top of page

Pilgrims shown the way to leave a lighter footprint

Qadiriyyah Movement, Nigeria

By their nature, pilgrimages attract large numbers of the faithful, and when they travel and gather at the same time, their impact on the environment can be considerable.

The world’s biggest act of pilgrimage, the Hajj to Mecca, has been a focus for environmental action for many years. So too has the lesser-known Muslim pilgrimage in West Africa, to Kano in Nigeria.

Kano is the site of the tombs of the saints of the Qadiriyyah Movement, who are honoured every year by the Maukib pilgrimage.

The Qadiriyyah Movement is Nigeria’s largest Islamic sect, with 15 million followers, and its leader, Khalifa Sheikh Qaribullah Nasir Kabara, is working to make the pilgrimage more environmentally friendly.

'Whoever plants a tree, reward will be recorded for him so long as it produces fruit' – Majma’ al-Zawaid, v.480

Sheikh Qaribullah was one of the founding signatories in 2011 of the Green Pilgrimage Network set up by ARC, the Alliance of Religions and Conservation. The network encourages pilgrims, pilgrim cities and pilgrim places of every faith throughout the world to become models of care for the environment.

Setting an example: Sheikh Qaribullah travels by horseback on the annual Maukib pilgrimage, where cars and motorcycles are banned Picture: ARC

Sheikh Qaribullah has signed a partnership with the seven metropolitan councils of Kano to green the city and the Maukib pilgrimage.

One of the first targets for the Green Hajj movement was to urge pilgrims not to use disposable plastic bottles, more than 100 million of which are left behind after the Hajj each year. The Green Guide for Hajj asks pilgrims to avoid using plastic bottles and plastic bags, to clear up their own litter and to care for the environment once they return home from pilgrimage.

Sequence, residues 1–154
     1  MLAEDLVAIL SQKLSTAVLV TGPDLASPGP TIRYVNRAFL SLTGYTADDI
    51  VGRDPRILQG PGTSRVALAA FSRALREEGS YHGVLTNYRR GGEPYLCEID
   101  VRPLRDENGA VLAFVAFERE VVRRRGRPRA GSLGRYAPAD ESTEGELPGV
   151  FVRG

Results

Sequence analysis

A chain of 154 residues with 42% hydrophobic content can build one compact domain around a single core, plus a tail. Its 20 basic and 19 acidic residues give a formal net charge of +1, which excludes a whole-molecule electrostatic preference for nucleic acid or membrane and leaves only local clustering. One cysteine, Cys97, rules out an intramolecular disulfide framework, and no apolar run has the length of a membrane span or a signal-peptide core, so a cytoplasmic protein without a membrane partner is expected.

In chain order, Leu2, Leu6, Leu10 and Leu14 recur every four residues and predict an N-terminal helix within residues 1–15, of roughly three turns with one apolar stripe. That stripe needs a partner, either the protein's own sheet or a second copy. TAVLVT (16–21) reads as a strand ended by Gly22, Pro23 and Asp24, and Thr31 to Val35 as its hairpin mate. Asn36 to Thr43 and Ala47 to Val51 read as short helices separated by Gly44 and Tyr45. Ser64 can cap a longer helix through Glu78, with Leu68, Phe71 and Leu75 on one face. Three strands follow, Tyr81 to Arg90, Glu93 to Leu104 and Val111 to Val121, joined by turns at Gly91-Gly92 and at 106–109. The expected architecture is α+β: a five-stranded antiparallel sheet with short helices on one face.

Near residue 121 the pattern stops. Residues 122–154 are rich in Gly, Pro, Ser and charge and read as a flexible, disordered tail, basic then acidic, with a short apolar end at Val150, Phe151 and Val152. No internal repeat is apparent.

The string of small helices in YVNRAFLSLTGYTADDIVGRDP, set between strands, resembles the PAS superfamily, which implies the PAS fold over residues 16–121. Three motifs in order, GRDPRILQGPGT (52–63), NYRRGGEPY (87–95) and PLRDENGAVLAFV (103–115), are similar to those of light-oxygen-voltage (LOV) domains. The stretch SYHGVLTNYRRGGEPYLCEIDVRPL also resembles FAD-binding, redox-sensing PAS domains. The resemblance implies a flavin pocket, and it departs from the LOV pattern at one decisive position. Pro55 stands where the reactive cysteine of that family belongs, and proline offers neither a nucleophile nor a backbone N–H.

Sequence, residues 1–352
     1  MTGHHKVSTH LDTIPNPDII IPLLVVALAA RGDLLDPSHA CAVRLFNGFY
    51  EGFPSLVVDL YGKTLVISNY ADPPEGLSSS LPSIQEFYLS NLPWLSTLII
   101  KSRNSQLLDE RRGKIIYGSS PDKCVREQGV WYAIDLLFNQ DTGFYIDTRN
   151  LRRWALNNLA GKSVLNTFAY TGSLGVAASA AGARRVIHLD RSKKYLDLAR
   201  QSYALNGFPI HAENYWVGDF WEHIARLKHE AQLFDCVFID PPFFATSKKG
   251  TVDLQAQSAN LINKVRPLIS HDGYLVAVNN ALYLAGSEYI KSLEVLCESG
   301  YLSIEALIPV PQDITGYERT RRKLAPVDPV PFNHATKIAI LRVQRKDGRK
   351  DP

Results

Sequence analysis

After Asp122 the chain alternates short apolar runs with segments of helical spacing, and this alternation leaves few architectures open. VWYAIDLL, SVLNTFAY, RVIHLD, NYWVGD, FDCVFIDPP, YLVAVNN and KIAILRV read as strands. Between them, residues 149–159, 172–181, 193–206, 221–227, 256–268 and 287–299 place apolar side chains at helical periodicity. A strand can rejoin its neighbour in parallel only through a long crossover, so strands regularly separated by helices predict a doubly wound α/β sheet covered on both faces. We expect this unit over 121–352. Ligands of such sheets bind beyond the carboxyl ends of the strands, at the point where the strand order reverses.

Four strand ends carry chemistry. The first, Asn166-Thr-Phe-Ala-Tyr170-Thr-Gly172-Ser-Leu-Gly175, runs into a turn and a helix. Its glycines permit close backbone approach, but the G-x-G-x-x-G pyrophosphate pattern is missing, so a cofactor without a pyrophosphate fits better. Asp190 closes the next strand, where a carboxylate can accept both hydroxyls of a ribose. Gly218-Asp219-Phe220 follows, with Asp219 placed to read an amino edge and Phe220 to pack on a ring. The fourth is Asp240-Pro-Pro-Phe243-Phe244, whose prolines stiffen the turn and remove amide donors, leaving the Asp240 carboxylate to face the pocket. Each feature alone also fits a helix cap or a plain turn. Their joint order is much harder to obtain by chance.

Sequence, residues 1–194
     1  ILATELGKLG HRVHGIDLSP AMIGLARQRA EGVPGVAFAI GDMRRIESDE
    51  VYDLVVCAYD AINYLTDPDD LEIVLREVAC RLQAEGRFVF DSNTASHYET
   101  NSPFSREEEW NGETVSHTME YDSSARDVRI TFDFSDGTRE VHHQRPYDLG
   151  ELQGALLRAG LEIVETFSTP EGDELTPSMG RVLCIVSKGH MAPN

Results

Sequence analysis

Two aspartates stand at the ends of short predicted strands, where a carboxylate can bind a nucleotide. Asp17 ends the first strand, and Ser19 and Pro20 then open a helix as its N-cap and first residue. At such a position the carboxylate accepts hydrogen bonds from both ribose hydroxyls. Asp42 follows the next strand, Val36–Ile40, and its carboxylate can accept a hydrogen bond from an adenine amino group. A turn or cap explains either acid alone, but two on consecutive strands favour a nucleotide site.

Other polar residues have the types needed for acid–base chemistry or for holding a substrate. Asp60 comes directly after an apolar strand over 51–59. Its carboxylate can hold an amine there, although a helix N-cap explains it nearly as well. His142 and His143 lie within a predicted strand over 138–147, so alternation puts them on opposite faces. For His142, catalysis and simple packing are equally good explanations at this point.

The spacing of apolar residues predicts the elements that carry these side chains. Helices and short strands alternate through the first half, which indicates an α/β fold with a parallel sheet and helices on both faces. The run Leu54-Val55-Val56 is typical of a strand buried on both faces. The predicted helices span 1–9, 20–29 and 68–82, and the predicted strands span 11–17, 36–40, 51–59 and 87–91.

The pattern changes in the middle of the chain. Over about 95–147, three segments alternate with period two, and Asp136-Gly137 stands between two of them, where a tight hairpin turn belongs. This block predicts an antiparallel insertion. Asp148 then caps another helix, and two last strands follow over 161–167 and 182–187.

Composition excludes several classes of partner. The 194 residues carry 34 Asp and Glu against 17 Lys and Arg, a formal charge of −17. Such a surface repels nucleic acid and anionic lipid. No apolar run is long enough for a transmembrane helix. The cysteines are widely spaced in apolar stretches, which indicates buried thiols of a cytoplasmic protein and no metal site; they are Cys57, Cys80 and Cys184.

The pilgrims to Kano have been urged to follow the example of their fellow pilgrims to Mecca since 2012, when the Qadiriyyah movement had The Green Guide for Hajj translated into Hausa, spoken by around 34 million people.

Pilgrim street procession

Hajj pilgrims are asked not to use plastic bottles or bags. Similarly, pilgrims to Kano are urged to use traditional gourds for their water instead of disposable bottles. Pilgrims are also supplied with drinking points along the route, and local school children are mobilised to collect plastic water bags from the streets.

Rubbish bins and toilet facilities are also installed along the pilgrimage route.

Cars and motorcycles are banned entirely from the pilgrimage site, and Sheikh Qaribullah sets an example by making his own way to Kano on horseback. During the pilgrimage, he blesses and distributes free tree seedlings for planting and preaches on the environment.


bottom of page